The Laws state that, throughout an innings, "the ball shall be bowled from each end alternately in overs of 6 balls".[82] The name "over" came about because the umpire calls "Over!" when six balls have been bowled. At this point, another bowler is deployed at the other end, and the fielding side changes ends while the batsmen do not. A bowler cannot bowl two successive overs, although a bowler can (and usually does) bowl alternate overs, from the same end, for several overs which are termed a "spell". The batsmen do not change ends at the end of the over, and so the one who was non-striker is now the striker and vice-versa. The umpires also change positions so that the one who was at "square leg" now stands behind the wicket at the non-striker's end and vice-versa.[82]
The wicket-keeper and the batsmen wear protective gear because of the hardness of the ball, which can be delivered at speeds of more than 145 kilometres per hour (90 mph) and presents a major health and safety concern. Protective clothing includes pads (designed to protect the knees and shins), batting gloves or wicket-keeper's gloves for the hands, a safety helmet for the head and a box for male players inside the trousers (to protect the crotch area).[80] Some batsmen wear additional padding inside their shirts and trousers such as thigh pads, arm pads, rib protectors and shoulder pads. The only fielders allowed to wear protective gear are those in positions very close to the batsman (i.e., if they are alongside or in front of him), but they cannot wear gloves or external leg guards.[73]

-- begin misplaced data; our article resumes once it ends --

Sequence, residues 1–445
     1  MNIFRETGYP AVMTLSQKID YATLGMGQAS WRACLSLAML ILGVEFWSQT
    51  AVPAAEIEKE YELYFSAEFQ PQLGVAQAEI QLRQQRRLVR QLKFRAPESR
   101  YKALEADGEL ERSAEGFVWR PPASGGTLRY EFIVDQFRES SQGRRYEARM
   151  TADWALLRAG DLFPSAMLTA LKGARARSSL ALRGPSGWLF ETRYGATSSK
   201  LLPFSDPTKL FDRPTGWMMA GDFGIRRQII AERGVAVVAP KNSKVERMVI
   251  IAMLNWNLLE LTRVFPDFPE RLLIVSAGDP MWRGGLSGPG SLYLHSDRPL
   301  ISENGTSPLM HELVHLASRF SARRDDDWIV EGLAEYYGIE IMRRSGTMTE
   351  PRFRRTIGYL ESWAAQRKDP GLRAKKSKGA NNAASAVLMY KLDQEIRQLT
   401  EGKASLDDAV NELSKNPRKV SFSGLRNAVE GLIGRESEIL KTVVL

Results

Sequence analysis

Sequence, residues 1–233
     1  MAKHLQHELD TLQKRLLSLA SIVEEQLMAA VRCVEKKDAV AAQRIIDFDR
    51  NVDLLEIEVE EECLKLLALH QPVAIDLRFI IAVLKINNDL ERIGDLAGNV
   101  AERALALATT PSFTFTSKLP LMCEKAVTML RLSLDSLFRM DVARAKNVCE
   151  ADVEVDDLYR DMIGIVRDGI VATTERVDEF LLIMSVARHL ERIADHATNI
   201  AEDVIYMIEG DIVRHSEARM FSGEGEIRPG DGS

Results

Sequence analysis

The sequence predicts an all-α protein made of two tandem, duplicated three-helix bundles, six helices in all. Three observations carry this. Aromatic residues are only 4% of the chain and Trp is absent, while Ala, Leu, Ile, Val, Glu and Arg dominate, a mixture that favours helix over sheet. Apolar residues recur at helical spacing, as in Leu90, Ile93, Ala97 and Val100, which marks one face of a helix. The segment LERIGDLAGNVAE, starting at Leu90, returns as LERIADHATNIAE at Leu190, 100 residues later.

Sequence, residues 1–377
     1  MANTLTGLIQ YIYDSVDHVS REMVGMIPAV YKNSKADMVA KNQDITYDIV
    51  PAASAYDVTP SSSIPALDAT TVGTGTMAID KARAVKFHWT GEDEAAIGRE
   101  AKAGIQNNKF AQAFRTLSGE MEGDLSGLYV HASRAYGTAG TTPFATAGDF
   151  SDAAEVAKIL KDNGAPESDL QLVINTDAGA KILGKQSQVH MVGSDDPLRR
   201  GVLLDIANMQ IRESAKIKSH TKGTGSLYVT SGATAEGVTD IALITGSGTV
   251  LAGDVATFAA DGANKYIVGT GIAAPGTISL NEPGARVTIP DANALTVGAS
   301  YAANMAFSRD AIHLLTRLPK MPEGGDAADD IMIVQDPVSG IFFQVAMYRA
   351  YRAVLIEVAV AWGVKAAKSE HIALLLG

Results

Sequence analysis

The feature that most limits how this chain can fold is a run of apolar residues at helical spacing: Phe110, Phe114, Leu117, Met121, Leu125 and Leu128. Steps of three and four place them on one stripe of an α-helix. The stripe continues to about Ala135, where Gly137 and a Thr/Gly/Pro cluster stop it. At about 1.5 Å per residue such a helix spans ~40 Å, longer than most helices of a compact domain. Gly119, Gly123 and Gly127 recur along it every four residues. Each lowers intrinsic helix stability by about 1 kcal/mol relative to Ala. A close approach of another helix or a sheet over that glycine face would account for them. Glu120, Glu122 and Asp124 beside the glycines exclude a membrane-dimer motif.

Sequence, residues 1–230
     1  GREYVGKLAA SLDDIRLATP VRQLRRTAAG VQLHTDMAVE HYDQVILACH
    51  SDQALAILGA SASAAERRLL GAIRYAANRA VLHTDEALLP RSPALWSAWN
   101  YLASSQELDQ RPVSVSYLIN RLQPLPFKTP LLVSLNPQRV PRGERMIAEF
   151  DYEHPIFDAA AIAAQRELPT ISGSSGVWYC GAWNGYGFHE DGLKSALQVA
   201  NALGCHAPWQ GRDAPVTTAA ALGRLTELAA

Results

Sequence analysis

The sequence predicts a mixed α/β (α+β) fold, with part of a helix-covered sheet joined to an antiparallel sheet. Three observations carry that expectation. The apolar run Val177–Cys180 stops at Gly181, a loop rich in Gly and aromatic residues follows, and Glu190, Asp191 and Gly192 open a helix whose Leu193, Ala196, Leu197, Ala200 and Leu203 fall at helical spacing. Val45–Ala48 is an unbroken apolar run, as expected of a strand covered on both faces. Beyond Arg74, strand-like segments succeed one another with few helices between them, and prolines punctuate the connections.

After failing to reach the semifinals at the 1999 Cricket World Cup, Tendulkar was again made captain, and had another poor run, losing 3–0 on a tour of Australia and then 2–0 at home to South Africa. Tendulkar resigned, vowing never to captain the team again. Ganguly was appointed the new captain and the team was further damaged in 2000 when former captain Azharuddin and fellow batsman Ajay Jadeja were implicated in a match-fixing scandal and given life and five years bans respectively. This period was described by the BBC as "the Indian cricket's worst hour". However, the new core – Tendulkar, Dravid, Kumble and Ganguly – swore not to let this happen to them again, and lead Indian cricket out of the dark times. And the first three put aside personal ambitions to let Ganguly lead them into a new era.[24]